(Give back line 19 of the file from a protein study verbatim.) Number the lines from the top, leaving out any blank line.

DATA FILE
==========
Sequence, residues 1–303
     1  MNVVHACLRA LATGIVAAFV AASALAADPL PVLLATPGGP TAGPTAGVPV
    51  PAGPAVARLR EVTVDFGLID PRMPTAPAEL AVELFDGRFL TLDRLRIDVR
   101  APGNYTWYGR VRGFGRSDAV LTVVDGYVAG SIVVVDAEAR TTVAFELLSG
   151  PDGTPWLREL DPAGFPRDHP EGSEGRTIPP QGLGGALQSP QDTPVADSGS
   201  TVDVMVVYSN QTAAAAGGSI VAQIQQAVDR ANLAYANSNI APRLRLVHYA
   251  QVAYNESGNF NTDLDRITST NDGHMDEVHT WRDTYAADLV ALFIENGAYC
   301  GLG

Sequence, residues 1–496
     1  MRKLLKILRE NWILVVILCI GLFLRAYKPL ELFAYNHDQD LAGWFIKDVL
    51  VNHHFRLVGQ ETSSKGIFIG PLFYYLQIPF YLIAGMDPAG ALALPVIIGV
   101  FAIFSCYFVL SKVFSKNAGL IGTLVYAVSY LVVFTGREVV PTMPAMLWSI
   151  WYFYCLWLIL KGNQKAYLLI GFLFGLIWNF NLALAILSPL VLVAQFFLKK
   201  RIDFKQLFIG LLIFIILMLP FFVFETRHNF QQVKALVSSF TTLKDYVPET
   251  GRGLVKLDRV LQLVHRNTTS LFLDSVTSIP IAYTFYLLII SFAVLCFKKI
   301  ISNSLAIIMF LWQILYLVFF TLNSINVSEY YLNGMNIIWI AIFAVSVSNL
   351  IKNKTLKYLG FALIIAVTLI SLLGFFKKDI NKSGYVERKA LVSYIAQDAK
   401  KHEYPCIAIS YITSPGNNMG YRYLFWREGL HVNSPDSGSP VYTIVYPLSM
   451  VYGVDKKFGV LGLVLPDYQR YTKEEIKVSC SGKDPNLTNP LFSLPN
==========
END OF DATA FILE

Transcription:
   451  VYGVDKKFGV LGLVLPDYQR YTKEEIKVSC SGKDPNLTNP LFSLPN